Tail-anchored (TA) proteins contain a single C-terminal transmembrane domain (TMD) that is captured by the cytosolic Get3 in yeast (TRC40 in humans). Get3 delivers TA proteins to the Get1/2 complex for insertion into the endoplasmic reticulum (ER) membrane. How Get1/2 mediates insertion of TMDs of TA proteins into the membrane is poorly understood. Using bulk fluorescence and microfluidics assays, we show that Get1/2 forms an aqueous channel in reconstituted bilayers. We estimate the channel diameter to be ∼2.5 nm wide, corresponding to the circumference of two Get1/2 complexes. We find that the Get3 binding can seal the Get1/2 channel, which dynamically opens and closes. Our mutation analysis further shows that the Get1/2 channel activity is required to release TA proteins from Get3 for insertion into the membrane. Hence, we propose that the Get1/2 channel functions as an insertase for insertion of TMDs and as a translocase for translocation of C-terminal hydrophilic segments.

    Source: Cell Reports
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  • Signal sequences encode information for protein folding in the endoplasmic reticulum

    Sun et al. show that proteins with marginally hydrophobic signal sequences pause at the Sec61 translocon channel on their way into the ER and require Sec63/BiP to overcome the pause and facilitate subsequent protein folding in the ER. This pause-and-go mechanism prevents protein aggregation inside the ER during chaperone deficiency.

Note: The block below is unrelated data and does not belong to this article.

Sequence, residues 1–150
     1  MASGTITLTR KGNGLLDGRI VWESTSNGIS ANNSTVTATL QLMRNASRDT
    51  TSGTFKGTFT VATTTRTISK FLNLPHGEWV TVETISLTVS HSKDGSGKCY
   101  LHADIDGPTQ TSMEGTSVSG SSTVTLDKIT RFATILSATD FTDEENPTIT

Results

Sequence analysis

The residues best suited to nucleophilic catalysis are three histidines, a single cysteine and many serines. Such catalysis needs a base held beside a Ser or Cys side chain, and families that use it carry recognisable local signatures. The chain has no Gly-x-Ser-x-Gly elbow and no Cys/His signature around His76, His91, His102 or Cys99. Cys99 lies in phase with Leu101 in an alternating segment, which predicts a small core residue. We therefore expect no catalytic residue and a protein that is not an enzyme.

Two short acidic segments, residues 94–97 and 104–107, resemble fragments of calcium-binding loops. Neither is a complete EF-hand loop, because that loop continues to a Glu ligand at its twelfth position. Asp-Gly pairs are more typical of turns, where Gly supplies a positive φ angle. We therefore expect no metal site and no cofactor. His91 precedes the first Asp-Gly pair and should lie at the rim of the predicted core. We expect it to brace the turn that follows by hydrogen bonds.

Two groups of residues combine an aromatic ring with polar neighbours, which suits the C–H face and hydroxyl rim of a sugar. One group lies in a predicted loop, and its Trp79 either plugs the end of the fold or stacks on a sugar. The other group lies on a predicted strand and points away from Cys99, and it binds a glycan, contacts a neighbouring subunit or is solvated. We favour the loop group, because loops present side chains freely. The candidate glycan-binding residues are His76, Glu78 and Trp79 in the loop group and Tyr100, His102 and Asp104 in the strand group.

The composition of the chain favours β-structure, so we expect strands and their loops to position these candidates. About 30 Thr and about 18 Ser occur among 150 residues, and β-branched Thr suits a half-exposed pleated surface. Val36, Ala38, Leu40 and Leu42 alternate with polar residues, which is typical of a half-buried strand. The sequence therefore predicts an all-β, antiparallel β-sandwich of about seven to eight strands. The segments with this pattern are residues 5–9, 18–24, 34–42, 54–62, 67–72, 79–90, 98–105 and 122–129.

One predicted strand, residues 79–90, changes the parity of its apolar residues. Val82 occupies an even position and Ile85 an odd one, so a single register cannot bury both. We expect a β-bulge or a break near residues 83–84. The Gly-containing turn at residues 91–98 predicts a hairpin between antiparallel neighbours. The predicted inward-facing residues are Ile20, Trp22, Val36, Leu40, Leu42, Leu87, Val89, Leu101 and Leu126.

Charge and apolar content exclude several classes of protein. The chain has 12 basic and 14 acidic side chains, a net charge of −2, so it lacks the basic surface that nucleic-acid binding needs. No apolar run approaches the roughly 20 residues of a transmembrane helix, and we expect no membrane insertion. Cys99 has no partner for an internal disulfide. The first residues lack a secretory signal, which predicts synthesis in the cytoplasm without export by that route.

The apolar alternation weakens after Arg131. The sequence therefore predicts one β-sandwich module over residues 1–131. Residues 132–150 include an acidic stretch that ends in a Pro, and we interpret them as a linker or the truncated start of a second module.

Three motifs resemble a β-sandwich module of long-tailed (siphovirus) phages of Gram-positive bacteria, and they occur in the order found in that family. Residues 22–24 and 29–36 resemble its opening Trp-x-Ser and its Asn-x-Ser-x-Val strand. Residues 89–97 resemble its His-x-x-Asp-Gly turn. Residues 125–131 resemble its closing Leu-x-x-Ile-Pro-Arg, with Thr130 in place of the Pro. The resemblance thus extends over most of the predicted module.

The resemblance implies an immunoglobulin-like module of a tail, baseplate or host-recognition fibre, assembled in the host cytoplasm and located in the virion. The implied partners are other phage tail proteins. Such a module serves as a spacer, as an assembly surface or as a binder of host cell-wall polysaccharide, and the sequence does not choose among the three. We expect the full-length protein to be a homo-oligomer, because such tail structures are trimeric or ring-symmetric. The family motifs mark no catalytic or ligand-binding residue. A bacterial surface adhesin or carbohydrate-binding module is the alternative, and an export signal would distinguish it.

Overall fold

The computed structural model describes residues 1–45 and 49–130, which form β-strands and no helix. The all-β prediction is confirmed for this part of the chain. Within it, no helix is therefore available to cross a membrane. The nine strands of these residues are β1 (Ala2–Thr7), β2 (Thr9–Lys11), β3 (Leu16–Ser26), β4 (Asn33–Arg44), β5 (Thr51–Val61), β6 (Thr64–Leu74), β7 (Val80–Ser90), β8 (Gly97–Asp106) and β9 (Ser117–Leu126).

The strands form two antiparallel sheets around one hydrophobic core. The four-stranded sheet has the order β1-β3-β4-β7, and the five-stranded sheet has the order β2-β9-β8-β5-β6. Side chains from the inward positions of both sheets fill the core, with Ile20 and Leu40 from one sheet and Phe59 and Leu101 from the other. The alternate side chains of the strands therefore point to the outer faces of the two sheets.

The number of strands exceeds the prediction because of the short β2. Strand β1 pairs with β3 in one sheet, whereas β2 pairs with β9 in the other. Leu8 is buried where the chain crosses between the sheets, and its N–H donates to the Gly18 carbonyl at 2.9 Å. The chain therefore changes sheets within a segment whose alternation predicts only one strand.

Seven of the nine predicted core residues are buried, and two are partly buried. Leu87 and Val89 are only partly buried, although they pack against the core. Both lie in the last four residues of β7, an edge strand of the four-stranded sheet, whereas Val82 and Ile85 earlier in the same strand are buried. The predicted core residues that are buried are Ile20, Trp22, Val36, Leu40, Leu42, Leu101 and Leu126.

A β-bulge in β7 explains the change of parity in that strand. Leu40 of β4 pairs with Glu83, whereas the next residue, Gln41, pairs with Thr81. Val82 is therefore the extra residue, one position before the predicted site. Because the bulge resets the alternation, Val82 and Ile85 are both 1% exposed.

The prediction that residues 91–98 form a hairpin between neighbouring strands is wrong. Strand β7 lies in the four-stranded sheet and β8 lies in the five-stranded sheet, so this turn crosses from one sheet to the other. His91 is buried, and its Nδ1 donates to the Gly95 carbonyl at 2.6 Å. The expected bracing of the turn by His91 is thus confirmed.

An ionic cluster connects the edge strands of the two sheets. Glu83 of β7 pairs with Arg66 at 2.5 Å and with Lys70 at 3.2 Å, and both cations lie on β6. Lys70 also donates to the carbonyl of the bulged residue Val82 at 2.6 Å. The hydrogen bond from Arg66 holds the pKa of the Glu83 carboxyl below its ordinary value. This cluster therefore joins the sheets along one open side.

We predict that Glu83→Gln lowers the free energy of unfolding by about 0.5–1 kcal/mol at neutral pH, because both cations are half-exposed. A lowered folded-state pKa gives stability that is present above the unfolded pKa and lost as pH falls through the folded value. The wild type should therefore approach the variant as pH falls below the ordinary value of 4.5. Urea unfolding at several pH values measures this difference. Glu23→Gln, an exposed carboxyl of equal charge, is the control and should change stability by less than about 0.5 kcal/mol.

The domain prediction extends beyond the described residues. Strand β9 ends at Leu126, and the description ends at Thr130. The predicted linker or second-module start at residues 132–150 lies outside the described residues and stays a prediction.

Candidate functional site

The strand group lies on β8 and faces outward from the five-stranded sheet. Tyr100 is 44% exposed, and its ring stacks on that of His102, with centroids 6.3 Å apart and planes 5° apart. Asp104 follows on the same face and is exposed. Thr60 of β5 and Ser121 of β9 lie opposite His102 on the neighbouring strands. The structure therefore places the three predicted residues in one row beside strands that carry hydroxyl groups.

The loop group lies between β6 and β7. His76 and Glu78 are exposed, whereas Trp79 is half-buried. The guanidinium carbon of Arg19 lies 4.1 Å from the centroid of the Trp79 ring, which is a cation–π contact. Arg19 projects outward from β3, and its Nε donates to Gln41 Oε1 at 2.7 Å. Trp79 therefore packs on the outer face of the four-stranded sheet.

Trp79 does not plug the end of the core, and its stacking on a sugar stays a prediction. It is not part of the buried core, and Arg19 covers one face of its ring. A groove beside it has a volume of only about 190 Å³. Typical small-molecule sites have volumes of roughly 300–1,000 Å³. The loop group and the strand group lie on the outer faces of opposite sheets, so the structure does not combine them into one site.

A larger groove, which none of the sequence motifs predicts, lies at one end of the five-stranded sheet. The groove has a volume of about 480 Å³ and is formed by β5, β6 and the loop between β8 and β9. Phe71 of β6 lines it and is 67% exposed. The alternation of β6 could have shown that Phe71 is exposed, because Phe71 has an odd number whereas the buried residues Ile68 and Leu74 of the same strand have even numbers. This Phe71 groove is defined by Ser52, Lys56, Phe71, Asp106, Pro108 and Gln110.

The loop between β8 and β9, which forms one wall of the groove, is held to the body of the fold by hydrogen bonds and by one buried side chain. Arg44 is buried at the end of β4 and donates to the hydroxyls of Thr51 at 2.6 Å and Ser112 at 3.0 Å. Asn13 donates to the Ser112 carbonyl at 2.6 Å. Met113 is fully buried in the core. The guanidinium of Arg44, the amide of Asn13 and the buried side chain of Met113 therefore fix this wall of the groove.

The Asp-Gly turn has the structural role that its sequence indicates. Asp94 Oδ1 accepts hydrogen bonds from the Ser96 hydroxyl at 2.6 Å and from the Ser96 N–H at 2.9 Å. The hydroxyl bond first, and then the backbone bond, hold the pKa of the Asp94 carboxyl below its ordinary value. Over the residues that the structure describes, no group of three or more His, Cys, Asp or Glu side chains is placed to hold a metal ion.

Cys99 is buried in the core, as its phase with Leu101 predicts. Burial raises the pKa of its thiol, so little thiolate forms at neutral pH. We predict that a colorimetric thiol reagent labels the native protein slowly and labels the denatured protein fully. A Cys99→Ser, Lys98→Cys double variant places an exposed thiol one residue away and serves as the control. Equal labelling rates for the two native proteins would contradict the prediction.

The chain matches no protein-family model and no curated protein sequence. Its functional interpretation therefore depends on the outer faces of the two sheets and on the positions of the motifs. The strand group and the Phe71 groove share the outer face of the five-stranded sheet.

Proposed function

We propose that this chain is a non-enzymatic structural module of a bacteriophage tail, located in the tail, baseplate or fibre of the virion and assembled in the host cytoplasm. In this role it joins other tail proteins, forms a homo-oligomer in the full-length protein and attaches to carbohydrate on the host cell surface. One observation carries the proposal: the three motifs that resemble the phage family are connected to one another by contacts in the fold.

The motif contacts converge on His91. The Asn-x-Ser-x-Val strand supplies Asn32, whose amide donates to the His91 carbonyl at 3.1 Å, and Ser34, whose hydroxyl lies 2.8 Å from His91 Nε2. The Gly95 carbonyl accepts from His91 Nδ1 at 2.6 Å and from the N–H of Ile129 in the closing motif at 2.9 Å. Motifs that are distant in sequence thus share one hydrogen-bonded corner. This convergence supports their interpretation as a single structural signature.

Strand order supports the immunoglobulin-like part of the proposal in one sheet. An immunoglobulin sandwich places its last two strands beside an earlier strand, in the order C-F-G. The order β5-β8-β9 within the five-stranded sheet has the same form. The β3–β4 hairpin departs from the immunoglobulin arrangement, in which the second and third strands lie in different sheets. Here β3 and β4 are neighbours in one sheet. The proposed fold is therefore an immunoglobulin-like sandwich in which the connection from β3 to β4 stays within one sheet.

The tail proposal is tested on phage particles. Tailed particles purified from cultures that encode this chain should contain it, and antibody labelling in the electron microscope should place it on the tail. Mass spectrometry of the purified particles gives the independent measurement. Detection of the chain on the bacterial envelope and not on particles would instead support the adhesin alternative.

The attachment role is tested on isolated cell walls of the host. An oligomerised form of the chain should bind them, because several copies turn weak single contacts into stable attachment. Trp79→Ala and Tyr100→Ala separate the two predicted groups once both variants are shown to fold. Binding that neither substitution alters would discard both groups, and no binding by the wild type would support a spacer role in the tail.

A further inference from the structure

Source: Journal of Cell Biology
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  • Decoding the Cell Signals Between Young Proteins and Their ‘Chaperones’

    To aid their growth, young proteins enlist the protection of a chaperone called BiP (binding immunoglobulin protein), but how our cells make this match has remained unclear. Scientists at the Yale Nanobiology Institute have now decoded the protein signal sequences that determine the movement and timing of the protein-chaperone match – effectively revealing the blueprint for how our proteins reach maturity.

    Source: Yale West Campus
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  • Cab45 promotes lysosomal targeting of prosaposin and progranulin

    The trans-Golgi Network (TGN) sorts newly synthesized proteins to their destination via vesicular transport carriers. Despite the functional significance of packaging processes at the TGN, the sorting of soluble proteins remains enigmatic. The Golgi resident protein Cab45 is a significant regulator of secretory cargo sorting at the TGN. Cab45 oligomerizes upon transient Ca2+ influx, recruits soluble cargo molecules (clients), and packs them into vesicles. However, the identity of client molecules packed into Cab45 vesicles is scarce. Therefore, we used a highly efficient secretome analysis technology called hiSPECs. Intriguingly, we observed that Cab45 deficient cells manifest hypersecretion of lysosomal hydrolases. Specifically, Cab45 deficient cells secrete the precursors of prosaposin and progranulin. In addition, lysosomes in these cells show an aberrant perinuclear accumulation suggesting a new role of Cab45 in lysosomal positioning.

    Source: Traffic